I am trying to understand why Brownian Motion is not differentiable.

Here we are tossing a coin n-times.

So we form a sample space $ \Omega $.

Each of the paths are represented by ω = ω1 ω2 ω3…. ωn

In all likely situation, sample space will include the following two paths

  • outcomes of the tosses are either purely Heads-H or purely Tails Then

these two paths can be written as o (omega) ω =HHHHHHHHHHHHHHHHHHHHHH…n times o (omega) ω = TTTTTTTTTTTTTTTTTTTTTTTTTT..ntimes

In my understanding both the above cases the paths/Brownian motion is a straight line. In other words, not a zig-zag

In my view, the above two omegas are differentiable as both are straight lines. So two of the random walks/paths in the Omega $ \omega $ are differentiable.

I have come across in several texts and videos that Brownian motion is not differentiable. I agree that except for the above two paths remaining are not differentiable.

The clarification I seek is whether Brownian Motion is differentiable at each time period • For the above two paths at every/any point • for the remaining paths in the omega (sample space other than the above two) This might sound naïve, why is it important to be differentiable at every step.

Coming from a non-math background, I have built my skills to this stage with the help of PhD student. But there is always the possibility my fundamentals may not be perfect or complete.

Kindly guide/help me.

Thank you

  • 3
    $\begingroup$ You have left off how your coin-flipping relates to Brownian motion. If it's as a result of Donsker's invariance principle, then you've left off the time scaling that would make this path a vertical line. If it's as some result of sampling, then it has nothing to do with differentiability. ----- As a final point, when we say something like "Brownian motion is nowhere differentiable", we technically mean "Almost every path of Brownian motion is nowhere differentiable". That is, the set of paths on which Brownian motion is differentiable somewhere has probability zero. $\endgroup$ Commented Jun 29, 2022 at 20:58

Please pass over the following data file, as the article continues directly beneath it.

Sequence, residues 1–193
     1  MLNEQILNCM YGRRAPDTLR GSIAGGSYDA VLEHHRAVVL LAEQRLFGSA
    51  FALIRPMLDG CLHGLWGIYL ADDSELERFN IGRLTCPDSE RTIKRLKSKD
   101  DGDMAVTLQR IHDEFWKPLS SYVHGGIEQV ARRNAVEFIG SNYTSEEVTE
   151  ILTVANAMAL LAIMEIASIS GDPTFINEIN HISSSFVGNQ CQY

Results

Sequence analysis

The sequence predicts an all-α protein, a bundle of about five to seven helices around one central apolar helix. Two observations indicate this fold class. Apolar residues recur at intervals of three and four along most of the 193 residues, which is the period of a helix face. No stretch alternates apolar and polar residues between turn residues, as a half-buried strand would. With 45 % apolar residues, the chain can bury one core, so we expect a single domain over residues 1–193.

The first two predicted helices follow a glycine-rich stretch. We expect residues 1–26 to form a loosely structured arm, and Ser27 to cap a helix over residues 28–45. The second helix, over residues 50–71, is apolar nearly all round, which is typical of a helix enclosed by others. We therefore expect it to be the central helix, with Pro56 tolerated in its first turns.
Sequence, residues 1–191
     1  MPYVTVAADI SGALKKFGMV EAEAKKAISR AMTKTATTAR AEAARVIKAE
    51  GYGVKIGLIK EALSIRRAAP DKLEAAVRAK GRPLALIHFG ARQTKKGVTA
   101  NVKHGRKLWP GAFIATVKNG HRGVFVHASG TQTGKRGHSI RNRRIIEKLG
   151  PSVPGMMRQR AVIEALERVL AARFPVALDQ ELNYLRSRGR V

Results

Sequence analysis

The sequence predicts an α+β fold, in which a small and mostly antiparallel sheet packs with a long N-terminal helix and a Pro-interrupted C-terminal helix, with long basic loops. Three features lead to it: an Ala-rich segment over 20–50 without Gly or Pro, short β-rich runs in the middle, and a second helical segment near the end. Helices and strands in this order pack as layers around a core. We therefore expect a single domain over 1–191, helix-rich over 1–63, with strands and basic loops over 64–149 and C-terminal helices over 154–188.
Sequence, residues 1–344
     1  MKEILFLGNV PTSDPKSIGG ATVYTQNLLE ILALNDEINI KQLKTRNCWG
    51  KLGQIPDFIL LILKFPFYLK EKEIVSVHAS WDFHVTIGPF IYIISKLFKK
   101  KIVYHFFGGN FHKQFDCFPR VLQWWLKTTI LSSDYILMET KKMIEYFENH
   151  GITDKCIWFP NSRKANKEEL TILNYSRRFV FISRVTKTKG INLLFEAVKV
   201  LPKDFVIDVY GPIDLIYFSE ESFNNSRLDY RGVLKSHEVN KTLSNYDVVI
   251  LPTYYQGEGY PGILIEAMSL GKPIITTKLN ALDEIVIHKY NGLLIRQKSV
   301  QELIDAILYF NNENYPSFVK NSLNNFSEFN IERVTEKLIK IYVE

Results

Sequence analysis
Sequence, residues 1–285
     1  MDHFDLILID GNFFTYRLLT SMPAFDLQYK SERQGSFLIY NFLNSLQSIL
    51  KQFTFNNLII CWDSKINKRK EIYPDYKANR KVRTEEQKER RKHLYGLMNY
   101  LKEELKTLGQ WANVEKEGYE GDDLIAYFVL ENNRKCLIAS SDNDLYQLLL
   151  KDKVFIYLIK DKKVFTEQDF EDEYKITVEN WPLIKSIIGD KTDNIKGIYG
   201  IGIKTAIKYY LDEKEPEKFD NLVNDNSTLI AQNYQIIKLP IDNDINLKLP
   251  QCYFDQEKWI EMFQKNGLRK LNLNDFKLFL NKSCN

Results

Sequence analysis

• $\begingroup$ A random walk (i.e. a sequence of heads and tails) is not a Brownian motion. A Brownian motion is a stochastic process which is continuous in time, which can be realized as the limit of random walks. Even if you regard a straight line as a Brownian motion (i.e. the path traced out by a specific particle moving according to a Brownian motion), the probability that a particle will trace out such a path is zero (under suitable constructions of "probability"), hence one might rephrase the statement as "the path of a Brownian motion is nowhere differentiable with probability 1". $\endgroup$
    – Xander Henderson
    Commented Jun 29, 2022 at 20:59
  • $\begingroup$ A suggestion: check the defition of differentiability from a formal point of view. The argument "the above two omegas are differentiable as both are straight lines", makes little sense. $\endgroup$
    – Math-fun
    Commented Jun 29, 2022 at 21:03
  • $\begingroup$ @Math-fun I don't think one really needs to check the definition of differentiability to conclude a straight line is differentiable $\endgroup$ Commented Jun 29, 2022 at 21:58
  • 1
    $\begingroup$ @user6247850 maybe I don't under the concept in this framework myself. Thank you very much for the hint. What does it mean that a "certain $\omega$", as is referred to by OP, is a straight line which is the differentiable [with respect to what]? $\endgroup$
    – Math-fun
    Commented Jun 30, 2022 at 6:08

1 Answer 1


The proof of a.s. nondifferentiability of Brownian motion is explained in Theorem 1.30, page 21 of the book [1]. The theorem was first proved by Paley, Wiener and Zygmund in [PWZ33], but the proof in the book is due to Dvoretzky, Erdos and Kakutani [DEK61].

[1] Mörters, Peter, and Yuval Peres. Brownian motion. Vol. 30. Cambridge University Press, 2010. https://yuvalperes.com/brownian-motion/


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